Fueling Hallyu boom in Cuba

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Fueling Hallyu boom in Cuba

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Lately, actor Song Joong-ki is the hottest star in China, but in Cuba, Lee Min-ho is the hottest ticket, said a cultural coordinator who visited Cuba last week.

Song Joong-ki’s popularity in China is from drama “Descendants of the Sun.” Similarly, Lee Min-ho became a star in Cuba with “The Heirs,” which was broadcast in Korea three years ago. Both dramas were written by Kim Eun-sook. Why did the old drama become so popular in Cuba?

“Korean television shows are distributed through DVD copies. It was crazy. Everyone I met asked to me bring Lee Min-ho to Cuba next time. Lee may need more security guards than President Obama. More crowds would gather than for the Rolling Stones concert,” the coordinator said.

He must be exaggerating. After all, U.S. President Barack Obama restored relations after 54 years, and the Rolling Stones concerts have attracted as many as 600,000 fans.

But his explanation was convincing. Brazilian serial dramas, called telenovelas, used to be popular in Cuba, and they mostly deal with love, affairs, conspiracies and betrayals of the high class. The series usually continue for about six months.

But Korean dramas are about family and romantic love and are faster paced. The hero is often a devoted “gentleman” to the heroine, and viewers are charmed by the dynamic, as socialist countries prioritize gender equality. Lee Min-ho also starred in the movie “Gangnam 1970” and the series “Boys Over Flowers,” which are also popular in Cuba.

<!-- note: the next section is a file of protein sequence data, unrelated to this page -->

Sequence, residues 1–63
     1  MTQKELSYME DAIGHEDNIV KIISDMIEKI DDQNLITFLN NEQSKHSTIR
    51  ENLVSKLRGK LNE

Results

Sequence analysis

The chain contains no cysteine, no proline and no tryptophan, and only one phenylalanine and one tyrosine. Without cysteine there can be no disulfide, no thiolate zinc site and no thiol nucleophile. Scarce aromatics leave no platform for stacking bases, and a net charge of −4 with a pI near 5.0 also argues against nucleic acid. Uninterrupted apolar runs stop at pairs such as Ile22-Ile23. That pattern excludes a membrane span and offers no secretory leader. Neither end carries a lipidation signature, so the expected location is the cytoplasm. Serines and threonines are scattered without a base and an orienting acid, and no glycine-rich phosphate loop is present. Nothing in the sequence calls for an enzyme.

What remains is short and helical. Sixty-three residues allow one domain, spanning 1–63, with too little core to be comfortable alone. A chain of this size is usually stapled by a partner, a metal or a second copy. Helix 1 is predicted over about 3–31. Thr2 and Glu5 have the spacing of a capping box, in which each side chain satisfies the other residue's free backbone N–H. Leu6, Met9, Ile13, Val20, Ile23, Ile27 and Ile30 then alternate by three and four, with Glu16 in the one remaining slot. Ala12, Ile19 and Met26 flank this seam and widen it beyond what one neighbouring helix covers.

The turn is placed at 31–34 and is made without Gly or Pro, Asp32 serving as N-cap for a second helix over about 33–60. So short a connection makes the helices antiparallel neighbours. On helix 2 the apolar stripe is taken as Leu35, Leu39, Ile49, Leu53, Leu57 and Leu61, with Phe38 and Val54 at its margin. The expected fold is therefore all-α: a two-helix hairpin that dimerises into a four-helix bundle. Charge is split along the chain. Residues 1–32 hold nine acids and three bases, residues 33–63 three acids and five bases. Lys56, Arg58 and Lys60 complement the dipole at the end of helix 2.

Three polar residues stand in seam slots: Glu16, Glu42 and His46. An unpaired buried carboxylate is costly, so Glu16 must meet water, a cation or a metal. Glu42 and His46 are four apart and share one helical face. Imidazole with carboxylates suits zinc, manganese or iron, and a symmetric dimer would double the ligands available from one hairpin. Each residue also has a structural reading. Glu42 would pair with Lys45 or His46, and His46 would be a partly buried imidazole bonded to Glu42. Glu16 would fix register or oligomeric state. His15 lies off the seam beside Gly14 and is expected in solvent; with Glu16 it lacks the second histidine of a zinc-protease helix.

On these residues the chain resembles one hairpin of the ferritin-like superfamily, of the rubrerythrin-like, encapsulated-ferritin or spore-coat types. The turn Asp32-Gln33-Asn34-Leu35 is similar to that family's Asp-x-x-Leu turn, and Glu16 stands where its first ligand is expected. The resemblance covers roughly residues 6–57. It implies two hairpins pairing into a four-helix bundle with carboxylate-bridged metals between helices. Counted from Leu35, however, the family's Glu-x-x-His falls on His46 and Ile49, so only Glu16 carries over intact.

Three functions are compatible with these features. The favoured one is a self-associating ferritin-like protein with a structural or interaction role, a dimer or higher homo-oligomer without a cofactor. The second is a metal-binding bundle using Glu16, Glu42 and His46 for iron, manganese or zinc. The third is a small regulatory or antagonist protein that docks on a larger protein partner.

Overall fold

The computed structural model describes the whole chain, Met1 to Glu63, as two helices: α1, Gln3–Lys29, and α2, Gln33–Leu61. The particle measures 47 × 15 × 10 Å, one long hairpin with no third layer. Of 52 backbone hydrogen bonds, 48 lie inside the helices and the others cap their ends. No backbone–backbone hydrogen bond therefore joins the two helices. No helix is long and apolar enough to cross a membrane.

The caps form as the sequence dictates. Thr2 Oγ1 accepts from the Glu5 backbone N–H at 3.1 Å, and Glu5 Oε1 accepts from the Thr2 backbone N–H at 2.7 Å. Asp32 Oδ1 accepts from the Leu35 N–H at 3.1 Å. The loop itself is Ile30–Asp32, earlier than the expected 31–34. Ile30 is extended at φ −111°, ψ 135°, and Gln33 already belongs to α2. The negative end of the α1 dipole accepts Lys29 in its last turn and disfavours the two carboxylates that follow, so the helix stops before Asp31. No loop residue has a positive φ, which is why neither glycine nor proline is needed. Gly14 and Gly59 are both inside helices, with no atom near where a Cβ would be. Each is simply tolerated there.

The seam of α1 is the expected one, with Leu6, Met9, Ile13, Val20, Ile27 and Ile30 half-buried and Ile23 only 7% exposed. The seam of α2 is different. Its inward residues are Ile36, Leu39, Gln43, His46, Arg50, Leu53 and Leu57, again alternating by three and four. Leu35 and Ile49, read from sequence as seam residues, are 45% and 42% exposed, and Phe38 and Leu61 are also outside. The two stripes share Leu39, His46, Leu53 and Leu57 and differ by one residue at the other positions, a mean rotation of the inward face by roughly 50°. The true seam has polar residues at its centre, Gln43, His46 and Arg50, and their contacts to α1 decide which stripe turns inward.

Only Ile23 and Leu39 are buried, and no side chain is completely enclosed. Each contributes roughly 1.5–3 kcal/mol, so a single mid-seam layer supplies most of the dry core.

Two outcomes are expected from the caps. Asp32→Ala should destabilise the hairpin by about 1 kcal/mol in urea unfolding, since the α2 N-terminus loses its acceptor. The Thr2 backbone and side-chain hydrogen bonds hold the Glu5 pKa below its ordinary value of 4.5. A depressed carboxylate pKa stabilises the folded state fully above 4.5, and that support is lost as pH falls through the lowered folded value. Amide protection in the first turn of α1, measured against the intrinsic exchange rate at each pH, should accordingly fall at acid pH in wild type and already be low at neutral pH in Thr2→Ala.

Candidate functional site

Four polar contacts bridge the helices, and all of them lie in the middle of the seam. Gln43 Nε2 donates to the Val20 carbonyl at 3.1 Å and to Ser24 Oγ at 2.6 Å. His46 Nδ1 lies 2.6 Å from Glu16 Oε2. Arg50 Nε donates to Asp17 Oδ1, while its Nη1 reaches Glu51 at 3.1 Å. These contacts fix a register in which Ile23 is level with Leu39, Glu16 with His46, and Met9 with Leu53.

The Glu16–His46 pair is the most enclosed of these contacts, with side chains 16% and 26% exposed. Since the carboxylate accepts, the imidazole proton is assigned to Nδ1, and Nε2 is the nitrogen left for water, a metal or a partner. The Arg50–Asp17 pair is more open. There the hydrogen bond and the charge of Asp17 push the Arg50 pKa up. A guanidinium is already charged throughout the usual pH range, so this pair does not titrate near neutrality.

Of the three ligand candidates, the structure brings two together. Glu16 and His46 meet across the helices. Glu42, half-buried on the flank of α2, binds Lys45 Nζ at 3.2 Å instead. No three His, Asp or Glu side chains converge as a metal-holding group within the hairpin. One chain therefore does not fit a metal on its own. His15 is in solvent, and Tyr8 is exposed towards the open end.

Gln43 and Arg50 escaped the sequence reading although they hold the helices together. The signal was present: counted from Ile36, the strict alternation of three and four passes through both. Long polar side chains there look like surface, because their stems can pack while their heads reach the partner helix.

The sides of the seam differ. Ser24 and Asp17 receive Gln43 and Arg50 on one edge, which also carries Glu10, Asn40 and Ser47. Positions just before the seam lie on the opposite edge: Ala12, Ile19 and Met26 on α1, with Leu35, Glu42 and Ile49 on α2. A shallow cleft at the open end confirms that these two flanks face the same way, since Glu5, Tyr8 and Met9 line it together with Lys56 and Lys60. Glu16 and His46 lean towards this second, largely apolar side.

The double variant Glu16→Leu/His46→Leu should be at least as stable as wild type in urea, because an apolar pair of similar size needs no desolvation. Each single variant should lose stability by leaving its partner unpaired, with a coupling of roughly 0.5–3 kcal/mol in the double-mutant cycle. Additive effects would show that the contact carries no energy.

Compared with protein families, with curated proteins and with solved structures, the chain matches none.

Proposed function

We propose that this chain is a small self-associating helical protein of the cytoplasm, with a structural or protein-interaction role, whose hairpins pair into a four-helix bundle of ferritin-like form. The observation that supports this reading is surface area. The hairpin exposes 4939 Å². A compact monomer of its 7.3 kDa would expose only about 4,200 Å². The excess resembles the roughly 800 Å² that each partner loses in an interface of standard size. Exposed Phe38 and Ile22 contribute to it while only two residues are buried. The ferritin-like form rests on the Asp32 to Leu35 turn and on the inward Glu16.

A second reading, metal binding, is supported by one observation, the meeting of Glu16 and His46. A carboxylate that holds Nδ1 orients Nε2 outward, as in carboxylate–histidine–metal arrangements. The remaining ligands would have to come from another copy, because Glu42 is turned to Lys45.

Cuba is the only country among 33 Latin American countries that Korea does not have a diplomatic ties with. North Korea opened relations in 1960.

Nowadays, Korea is moving briskly. In 2005, a Korea Trade Investment Promotion Agency (KOTRA) office opened in Havana, and companies are expanding businesses there.

Last year, more than 7,000 Koreans visited Cuba, and the number is expected to grow to 15,000. So much has changed since 1921, when 300 Koreans moved to Mexico to work in sugar plantations.

The first-generation immigrants, called Henequen, helped with the liberation of Korea while enduring harsh labor conditions. They set aside 5 percent of their salaries and a spoonful of rice from every meal to support the independence movement.

However, the only reminder of their devotion is a humble memorial in Matanzas, 100 kilometers (62 miles) west of Havana. It was made by a Korean-American from Seattle. This is no way to pay respects to those who worked so hard in the faraway country.

President Park Geun-hye mentioned the sufferings and tears the Henequen endured during her Mexico visit. Hopefully, she was not taking credit. Today, our choice seems obvious.

JoongAng Ilbo, Apr. 7, Page 31


*The author is the editorial writer of the JoongAng Ilbo.

PARK JEONG-HO

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